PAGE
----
Keep Reading

Andrew Solomon and Dr. Joe Wenke discuss how our differences define us

in Non-Fiction by

Andrew Solomon is a writer and lecturer on politics, culture and psychology as well as an activist and philanthropist on behalf of LGBT rights, mental health, education and the arts. His latest book, Far From the Tree: Parents, Children and the Search for Identity, has won many awards, including the National Book Critics Circle Award for Nonfiction. His previous book, “The Noonday Demon: An Atlas of Depression,” won the 2001 National Book Award for Nonfiction JOE WENKE: Far From the Tree addresses a profound question: Is difference the foundation of human identity, even if the difference-making element is a disability or is widely denigrated or pathologized? In your opening chapter, “Son,” you make an extraordinary connection between your experience growing…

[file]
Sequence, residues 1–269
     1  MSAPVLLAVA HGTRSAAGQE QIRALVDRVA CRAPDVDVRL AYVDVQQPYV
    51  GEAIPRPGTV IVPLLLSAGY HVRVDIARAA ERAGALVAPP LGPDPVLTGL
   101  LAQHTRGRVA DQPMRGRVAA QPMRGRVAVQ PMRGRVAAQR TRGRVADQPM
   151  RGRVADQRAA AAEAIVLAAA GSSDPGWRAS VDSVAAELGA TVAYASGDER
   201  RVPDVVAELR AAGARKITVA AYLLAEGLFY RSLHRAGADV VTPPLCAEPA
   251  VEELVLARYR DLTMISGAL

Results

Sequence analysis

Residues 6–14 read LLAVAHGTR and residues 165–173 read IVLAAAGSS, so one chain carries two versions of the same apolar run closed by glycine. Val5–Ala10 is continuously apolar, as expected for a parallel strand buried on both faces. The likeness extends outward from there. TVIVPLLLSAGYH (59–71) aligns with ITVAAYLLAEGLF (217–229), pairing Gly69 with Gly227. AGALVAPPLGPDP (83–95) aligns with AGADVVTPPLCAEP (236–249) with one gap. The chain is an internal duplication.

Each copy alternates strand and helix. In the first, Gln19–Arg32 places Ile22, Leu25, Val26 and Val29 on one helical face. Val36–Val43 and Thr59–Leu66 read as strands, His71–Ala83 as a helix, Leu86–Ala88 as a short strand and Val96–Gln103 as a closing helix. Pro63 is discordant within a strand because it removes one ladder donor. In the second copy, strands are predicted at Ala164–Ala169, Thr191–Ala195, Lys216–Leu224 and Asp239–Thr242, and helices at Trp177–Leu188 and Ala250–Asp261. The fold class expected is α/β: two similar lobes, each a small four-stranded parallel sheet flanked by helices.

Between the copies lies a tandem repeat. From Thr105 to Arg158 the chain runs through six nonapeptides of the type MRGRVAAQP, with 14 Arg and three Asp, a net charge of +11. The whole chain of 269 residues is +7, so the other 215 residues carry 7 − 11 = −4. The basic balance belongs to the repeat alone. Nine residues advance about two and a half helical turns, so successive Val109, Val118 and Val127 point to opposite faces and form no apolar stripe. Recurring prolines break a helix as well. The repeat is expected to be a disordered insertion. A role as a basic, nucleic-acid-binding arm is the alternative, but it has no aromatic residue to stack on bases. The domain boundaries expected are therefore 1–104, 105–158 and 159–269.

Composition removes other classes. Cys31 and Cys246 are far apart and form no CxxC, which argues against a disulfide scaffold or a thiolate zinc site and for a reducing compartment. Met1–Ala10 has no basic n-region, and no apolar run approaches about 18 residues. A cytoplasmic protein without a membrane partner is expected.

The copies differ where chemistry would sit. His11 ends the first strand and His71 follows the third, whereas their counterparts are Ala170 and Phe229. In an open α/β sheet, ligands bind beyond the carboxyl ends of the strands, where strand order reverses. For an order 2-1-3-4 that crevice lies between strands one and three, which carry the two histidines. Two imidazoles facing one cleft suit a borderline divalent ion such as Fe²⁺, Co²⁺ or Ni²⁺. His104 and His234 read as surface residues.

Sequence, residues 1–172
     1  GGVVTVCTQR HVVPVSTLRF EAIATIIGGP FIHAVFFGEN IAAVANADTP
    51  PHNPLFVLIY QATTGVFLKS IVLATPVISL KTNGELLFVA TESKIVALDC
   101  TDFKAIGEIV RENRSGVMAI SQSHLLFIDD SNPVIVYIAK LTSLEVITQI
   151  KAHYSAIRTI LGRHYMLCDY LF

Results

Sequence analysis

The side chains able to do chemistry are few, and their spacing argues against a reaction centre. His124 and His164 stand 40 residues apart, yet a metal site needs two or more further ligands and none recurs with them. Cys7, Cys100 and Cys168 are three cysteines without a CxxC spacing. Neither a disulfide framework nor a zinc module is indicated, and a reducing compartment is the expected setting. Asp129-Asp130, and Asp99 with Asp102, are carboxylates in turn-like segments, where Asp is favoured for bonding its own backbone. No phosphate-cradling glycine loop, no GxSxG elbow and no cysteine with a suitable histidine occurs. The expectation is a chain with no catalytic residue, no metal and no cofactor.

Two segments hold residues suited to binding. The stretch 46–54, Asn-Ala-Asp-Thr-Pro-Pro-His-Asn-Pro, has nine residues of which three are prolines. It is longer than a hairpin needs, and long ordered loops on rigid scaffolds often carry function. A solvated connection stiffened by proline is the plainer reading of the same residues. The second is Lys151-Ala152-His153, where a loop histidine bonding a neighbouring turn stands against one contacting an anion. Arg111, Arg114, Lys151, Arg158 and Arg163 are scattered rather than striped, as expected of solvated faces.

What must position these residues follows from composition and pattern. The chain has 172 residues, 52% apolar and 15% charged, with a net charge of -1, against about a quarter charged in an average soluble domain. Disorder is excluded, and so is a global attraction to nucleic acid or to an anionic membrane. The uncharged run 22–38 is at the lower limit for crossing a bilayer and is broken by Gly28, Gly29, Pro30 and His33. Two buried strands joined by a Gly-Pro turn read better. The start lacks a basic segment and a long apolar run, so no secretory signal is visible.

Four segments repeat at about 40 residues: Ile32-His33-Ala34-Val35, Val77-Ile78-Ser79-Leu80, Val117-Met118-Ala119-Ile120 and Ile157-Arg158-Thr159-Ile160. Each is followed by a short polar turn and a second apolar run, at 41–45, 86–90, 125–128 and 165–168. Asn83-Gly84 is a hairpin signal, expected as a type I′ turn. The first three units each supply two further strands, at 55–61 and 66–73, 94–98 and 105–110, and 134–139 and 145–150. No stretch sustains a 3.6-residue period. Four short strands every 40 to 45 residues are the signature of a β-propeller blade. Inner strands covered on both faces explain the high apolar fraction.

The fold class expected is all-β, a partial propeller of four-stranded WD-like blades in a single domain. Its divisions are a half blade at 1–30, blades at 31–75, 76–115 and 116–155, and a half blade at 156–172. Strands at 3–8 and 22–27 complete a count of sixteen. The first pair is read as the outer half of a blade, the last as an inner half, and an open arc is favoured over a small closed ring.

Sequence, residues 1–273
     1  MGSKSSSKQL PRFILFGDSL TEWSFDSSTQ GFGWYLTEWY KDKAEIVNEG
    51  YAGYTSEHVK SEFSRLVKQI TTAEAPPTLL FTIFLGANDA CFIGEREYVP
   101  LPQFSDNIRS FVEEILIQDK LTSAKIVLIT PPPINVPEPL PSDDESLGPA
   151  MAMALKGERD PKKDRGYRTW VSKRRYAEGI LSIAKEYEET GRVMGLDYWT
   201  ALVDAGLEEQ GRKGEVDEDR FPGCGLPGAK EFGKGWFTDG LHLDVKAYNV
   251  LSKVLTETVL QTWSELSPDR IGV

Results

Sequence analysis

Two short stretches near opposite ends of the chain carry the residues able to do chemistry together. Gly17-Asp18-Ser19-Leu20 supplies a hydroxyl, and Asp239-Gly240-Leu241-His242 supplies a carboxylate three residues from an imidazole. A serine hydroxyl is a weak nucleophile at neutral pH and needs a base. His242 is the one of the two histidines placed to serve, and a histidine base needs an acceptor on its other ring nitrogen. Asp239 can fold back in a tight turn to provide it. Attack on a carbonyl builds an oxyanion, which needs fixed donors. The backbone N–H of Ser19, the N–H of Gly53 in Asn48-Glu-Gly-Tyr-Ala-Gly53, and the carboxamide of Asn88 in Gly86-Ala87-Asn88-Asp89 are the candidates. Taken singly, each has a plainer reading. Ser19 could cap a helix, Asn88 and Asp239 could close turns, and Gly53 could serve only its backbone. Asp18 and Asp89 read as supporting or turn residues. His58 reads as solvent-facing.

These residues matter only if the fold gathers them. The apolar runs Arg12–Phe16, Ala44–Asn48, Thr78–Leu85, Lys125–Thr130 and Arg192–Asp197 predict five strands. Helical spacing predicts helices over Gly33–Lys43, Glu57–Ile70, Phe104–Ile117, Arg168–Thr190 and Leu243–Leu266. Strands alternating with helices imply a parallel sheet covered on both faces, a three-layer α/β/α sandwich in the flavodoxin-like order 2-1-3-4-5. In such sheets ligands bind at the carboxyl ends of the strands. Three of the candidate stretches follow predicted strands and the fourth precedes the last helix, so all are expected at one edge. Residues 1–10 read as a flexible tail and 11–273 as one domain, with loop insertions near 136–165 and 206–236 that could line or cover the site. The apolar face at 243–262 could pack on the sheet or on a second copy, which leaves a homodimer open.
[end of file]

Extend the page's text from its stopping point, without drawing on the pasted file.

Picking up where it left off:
Keep Reading

Here’s to you, Mr. Mailer

in Fiction by

It’s high praise when Joan Didion declares you the only person capable of writing a particular story. This is a woman who knows from voice. In her review of Norman Mailer’s 1979’s Pulitzer Prize-winning novel The Executioner’s Song, Didion says, “I think no one but Mailer could have dared this book. The authentic Western voice, the voice heard [here], is one heard often in life but only rarely in literature.” Mailer, who died in 2007 at age 84, helped spearhead a movement known as “new journalism,” a term often used to describe the work of Truman Capote and Tom Wolfe, wherein the storytelling techniques of a novel are grafted on to real life. It’s not quite fiction and it’s not…

Keep Reading

Go to Top